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In a tradition dating to Biblical times, men rise at dawn in the rugged Cal Madow mountains of Somaliland in the Horn of Africa to scale rocky outcrops in search of the prized sap of wild frankincense trees.
When dried and burned, the sap produces a fragrant smoke which perfumes churches and mosques around the world. Frankincense, along with gold and myrrh, was brought by the Three Kings as gifts in the Gospel account of the birth of Jesus.
But now these last intact wild frankincense forests on Earth are under threat as prices have shot up in recent years with the global appetite for essential oils. Overharvesting has led to the trees dying off faster than they can replenish, putting the ancient resin trade at risk.
Harvesting frankincense is risky. The trees can grow high on cliff edges, shallow roots gripping bare rock slithering with venomous snakes. Harvesters often slip and tumble down canyon walls.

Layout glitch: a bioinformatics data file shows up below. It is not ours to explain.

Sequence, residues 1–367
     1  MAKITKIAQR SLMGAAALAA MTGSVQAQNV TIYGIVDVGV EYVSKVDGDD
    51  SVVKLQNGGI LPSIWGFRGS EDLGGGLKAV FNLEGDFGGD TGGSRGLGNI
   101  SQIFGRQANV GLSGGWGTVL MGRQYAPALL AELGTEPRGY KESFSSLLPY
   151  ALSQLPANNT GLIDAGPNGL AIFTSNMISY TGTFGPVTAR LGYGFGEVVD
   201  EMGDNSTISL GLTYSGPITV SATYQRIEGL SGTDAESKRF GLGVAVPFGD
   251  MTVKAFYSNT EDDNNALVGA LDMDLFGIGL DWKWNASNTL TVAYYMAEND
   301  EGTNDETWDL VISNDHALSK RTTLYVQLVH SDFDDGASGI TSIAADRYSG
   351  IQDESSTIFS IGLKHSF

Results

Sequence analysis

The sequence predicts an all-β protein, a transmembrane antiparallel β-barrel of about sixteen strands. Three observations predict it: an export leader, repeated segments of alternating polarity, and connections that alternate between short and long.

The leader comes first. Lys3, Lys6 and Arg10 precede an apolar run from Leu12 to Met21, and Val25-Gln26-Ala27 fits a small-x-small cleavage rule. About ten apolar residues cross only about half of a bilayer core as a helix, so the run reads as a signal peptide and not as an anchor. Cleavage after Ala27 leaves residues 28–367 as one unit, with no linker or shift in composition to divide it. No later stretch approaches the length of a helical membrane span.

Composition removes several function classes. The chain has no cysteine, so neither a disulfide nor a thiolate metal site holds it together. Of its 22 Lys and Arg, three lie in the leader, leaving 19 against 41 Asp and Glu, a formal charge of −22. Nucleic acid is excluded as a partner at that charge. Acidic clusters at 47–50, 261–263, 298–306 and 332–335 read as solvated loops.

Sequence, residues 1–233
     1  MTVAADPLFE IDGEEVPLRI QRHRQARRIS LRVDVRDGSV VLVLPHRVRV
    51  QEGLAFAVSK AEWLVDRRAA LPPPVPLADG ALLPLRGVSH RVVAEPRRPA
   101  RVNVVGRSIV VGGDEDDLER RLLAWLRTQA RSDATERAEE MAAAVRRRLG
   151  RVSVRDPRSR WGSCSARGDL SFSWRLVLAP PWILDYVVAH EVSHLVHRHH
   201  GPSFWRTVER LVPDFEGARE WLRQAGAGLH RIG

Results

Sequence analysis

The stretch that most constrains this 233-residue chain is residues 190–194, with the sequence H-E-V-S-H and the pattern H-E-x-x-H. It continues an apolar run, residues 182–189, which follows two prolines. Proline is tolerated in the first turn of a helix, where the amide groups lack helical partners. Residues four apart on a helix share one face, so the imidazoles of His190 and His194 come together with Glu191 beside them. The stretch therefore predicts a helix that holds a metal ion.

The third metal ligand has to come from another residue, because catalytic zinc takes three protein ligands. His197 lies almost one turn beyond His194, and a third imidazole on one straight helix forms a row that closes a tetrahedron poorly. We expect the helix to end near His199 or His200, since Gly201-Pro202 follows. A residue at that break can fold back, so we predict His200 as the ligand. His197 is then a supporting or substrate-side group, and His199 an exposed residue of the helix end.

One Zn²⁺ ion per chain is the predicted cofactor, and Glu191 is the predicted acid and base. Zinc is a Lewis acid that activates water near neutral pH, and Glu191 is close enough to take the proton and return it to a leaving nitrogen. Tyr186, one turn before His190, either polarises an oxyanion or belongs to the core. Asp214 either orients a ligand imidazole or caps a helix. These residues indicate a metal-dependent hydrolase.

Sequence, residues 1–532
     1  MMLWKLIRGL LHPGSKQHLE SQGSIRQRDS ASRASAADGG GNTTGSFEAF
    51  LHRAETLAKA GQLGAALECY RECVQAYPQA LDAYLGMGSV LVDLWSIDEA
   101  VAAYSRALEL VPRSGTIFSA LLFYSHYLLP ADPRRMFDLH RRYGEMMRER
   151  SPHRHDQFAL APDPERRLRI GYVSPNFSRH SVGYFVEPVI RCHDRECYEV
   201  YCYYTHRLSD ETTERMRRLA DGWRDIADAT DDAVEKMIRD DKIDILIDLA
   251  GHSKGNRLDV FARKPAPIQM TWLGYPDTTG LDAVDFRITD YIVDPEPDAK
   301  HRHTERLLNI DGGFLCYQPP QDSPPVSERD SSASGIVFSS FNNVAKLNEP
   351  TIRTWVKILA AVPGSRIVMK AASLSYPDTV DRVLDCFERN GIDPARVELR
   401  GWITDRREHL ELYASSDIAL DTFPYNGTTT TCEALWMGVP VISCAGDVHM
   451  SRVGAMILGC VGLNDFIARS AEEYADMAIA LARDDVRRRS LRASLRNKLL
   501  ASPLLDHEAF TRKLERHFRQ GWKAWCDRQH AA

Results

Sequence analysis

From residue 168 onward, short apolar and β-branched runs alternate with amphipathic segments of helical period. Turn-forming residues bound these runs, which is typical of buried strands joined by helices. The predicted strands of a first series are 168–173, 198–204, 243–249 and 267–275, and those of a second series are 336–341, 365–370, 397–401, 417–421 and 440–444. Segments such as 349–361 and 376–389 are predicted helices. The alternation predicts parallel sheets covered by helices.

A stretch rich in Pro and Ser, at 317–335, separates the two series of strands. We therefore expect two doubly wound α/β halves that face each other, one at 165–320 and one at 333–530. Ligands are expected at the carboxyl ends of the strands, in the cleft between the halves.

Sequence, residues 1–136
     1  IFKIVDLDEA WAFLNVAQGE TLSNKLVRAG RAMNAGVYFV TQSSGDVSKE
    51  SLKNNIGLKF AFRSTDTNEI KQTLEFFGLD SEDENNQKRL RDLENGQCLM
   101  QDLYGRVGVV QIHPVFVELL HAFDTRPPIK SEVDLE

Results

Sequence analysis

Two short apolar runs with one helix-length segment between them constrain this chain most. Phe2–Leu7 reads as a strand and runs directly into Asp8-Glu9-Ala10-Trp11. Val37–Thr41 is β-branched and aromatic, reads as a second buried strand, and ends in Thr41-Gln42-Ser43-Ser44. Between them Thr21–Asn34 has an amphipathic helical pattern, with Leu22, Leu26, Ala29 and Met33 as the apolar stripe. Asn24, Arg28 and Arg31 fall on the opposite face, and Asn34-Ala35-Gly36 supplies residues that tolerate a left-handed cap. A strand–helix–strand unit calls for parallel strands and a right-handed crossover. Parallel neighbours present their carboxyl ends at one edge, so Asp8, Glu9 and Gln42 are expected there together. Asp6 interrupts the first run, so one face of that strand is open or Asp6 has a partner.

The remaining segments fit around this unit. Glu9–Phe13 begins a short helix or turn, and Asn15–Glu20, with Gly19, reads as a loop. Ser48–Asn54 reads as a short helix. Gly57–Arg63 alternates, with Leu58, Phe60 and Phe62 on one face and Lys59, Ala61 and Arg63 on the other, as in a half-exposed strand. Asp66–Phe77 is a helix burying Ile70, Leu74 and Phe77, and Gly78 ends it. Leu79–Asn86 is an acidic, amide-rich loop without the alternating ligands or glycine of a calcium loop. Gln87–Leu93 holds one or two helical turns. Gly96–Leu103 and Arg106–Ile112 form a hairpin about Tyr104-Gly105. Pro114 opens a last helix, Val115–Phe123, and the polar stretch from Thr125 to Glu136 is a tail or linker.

Once the resin is collected, women sort the chunks by color and size. The various classes of resin are shipped to Yemen, Saudi Arabia and eventually Europe and America. Besides its use as incense, frankincense gum is distilled into oil for use in perfumes, skin lotions, medicine and chewing gum.
Source article: http://news.ltn.com.tw/news/world/paper/1069651
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